Useful Information:
Always use a good map or a trusty GPS.
Distance: 17.5 km.
Surface: Mainly paths, both cement and dirt and a small amount of on road riding.
Bike: Suitable to all bikes
Fitness: Moderately fit.

I use Map my Ride for simplicity and elevation information. Become a member (free) and find similar rides within the area and elsewhere.

I really appreciate receiving good, constructive and polite comments.

Cheers and safe riding,

Jimmy Bee

Thursday, 12 December 2013


Well! the word is out and we are going back to ride New Zealand next March. This time it is the South Island, riding from Mt. Cook to Oamaru on the coast and then onto Christchurch.
Each year the U3A Peddling For Pleasure group democratically choose a destination either within or outside Australia where we can cycle and enjoy each others company for 5+ days. It is preferred that the trip is organised through a Cycling Tour Operator, who is familiar with the area and can either supply maps or a guide. Also we like the operator to organise accommodation and back-up in the case of fatigue, illness or bike failure plus bicycle rental.
The package we have chosen reads extremely well, but, like everything else, the proof lies within the pudding and I will post extensively on the ride when we return.
In the meantime you may wish to look at the web site by hitting on the following link . The tour we are taking is "Cycling the Alps to the Ocean".
In the past, our group has partaken in the following rides:
Hawkes Bay Ride, NZ
Havelock North to Waipawa section of the Hawkes Bay ride.

2013....Hawkes Bay, North Island, New Zealand...
Old rail tunnel on East Gippsland Rail Trail


One of a number of wooden trestle rail bridges on East Gippsland Rail trail.

2012....East Gippsland Rail Trail, Victoria, Australia....
The view from Mt. Buffalo on the Murray to the Mountains ride, Victoria
Ovens River, Porepunkah on the Murray to the Mountains ride Victoria
 2011....The Murray to the Mountains Rail Trail....
Map courtesy of Google Mapping
2010....The Otago Central Rail  (As I wasn't on this particular trip, I can't give specific details on the operator used.)
In the past, I have posted on Hawkes Bay and East Gippsland rides. Unfortunately, I wasn't blogging when I did the Murray to the Mountains ride.
Of the three rides I have partaken in, very little criticism was given at the time and I am of the opinion that the majority, if not all riders thoroughly enjoyed their experiences.
It's great fun travelling in a group of familiar faces but if you are not a member of any riding group, don't feel intimidated because a lot of riders from around the world participate in organised rides and it is a true and tried formula for travelling and meeting other people.
The only way to really see and appreciate the country you are travelling in is to either walk or ride. Once tried, you won't want to do it any other way.
Cheers and safe riding,
Jimmy Bee

Wednesday, 4 December 2013


Cleveland Point, Qld. 

The ride from Cleveland Point to Wellington Point is very picturesque and because most of the riding can be done on paths, trails and quiet suburban streets it opens the ride up to all takers. Cleveland Point is very popular with locals and tourists alike. On any one day all comers mingle with one another without really knowing who is local and who is not, as they are there for the one purpose and that is the pure enjoyment of the moment.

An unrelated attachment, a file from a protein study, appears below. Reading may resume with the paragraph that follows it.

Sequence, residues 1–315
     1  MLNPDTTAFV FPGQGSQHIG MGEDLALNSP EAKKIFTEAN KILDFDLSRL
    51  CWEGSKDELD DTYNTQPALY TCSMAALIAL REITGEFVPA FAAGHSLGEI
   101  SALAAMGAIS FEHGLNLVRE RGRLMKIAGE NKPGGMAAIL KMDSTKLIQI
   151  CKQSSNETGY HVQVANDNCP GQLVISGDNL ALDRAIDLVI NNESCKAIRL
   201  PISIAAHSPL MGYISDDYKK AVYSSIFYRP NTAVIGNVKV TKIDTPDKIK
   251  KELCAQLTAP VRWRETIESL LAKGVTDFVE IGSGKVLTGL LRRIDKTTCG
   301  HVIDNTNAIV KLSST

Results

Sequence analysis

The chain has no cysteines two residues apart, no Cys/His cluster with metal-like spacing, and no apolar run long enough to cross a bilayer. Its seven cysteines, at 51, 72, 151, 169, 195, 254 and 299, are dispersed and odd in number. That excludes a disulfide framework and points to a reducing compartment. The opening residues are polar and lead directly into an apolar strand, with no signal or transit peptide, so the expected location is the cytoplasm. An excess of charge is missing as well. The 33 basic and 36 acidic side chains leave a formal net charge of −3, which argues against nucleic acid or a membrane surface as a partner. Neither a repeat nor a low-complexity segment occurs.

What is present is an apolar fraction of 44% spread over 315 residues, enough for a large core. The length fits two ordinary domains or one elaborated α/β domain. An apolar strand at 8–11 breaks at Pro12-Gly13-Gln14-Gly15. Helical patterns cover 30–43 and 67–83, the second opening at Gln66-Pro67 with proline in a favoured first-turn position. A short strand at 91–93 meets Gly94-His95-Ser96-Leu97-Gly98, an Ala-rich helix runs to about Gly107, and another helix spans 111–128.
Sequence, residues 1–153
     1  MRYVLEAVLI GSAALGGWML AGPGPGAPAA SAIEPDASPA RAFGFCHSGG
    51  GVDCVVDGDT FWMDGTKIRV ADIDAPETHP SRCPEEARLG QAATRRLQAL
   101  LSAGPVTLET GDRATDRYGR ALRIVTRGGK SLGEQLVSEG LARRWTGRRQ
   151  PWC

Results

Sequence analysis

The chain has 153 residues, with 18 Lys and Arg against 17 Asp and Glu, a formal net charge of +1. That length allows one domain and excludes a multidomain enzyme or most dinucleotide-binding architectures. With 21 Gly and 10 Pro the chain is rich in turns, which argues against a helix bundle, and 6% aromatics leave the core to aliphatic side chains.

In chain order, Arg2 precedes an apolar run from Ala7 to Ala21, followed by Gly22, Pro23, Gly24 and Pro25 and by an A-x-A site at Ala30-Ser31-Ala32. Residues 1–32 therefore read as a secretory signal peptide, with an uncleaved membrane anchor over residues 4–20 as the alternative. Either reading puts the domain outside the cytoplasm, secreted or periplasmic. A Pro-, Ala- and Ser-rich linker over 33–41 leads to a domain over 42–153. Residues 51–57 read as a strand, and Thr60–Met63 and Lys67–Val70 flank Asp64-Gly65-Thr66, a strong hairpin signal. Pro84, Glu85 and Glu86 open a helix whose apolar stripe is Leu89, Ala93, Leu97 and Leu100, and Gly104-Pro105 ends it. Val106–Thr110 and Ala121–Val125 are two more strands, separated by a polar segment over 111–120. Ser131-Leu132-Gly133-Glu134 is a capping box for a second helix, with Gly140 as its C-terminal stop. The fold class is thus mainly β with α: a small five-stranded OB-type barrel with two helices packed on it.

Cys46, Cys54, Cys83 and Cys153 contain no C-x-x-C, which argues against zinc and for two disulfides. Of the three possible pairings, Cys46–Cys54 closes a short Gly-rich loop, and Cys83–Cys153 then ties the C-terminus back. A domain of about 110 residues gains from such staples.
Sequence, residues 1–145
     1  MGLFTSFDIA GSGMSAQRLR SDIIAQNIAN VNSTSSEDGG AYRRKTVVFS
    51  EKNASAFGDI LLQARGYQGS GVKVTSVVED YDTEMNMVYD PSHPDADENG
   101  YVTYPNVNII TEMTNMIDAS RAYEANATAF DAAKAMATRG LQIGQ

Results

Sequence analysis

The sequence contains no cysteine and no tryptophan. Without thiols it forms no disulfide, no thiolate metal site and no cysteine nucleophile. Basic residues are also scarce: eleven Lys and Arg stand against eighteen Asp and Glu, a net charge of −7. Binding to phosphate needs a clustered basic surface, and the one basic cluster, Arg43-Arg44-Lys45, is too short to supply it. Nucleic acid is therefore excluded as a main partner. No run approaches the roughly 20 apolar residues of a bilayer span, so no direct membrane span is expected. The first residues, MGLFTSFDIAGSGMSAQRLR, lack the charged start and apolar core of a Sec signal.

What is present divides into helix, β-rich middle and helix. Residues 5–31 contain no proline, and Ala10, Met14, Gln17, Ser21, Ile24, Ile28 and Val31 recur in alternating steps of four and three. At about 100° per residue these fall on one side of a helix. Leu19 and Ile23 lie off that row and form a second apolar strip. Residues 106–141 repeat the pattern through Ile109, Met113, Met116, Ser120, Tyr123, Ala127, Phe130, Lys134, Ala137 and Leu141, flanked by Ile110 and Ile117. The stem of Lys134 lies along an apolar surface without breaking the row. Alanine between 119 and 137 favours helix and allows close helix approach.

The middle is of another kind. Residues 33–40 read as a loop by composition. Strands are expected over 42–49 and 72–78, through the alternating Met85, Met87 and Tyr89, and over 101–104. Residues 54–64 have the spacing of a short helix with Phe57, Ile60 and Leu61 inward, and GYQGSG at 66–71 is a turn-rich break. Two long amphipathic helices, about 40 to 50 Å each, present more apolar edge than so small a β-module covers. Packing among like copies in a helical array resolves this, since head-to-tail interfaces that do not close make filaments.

The Lighthouse Restaurant and Cafe.

There is only one food and drink outlet on the point and that is the Lighthouse Restaurant and Cafe which caters for everything from an A-La-Carte menu, take-away fish and chips, coffee and the irresistable ice-cream on a hot summers day.
Between the two Points, you ride through  natural bush land where you will notice a drop in temperature  and the quietness apart from the bird calls. Be alert whilst riding through here because it is not unusual to have a snake or water dragon cross your path or water birds crossing from one pond to another.
On the way down to Wellington Point at this time of the year you will pass beautiful poinciana trees in bloom.

This colourful specimen is an unknown species of bug sipping nectar from the flower of the red flowering gum tree (Corymbia Ficifolia) which is an native of Western Australia. This is reputedly, one of the most commonly planted ornamental trees in Australia and at the moment is out in bloom and attracting all sorts of bugs and birds.


If you happen to visit Wellington Point at low tide, you can take advantage of walking out to King Island which can be fun especially if you have the kids with you. At full tide it is a beautiful place to take a refreshing swim in the crystal like waters.
Wellington Point is usually much more windy than Cleveland Point and is a favourite spot for kite and wind  surfing. There are a number of shelters to take advantage of if you are planning on staying for awhile. There is also a cafe where you may purchase coffee, take-aways, cold drinks etc.and also, there is an al fresco area where you can savour your coffee and snack whilst taking in the magical views.

Cleveland Point to Wellington Point
 This concludes the ride from Cleveland Point to Wellington Point.

Useful Information:
Distance: 20 km.
Surface: Mainly paths, a small amount of on road riding.
Bike: Suitable to all bikes
Fitness: Moderately fit.

I use Map my Ride for simplicity and elevation information.
Local maps can be obtained from Redlands City Council

I really appreciate receiving good, constructive and polite comments.

Chers and safe riding,
Jimmy Bee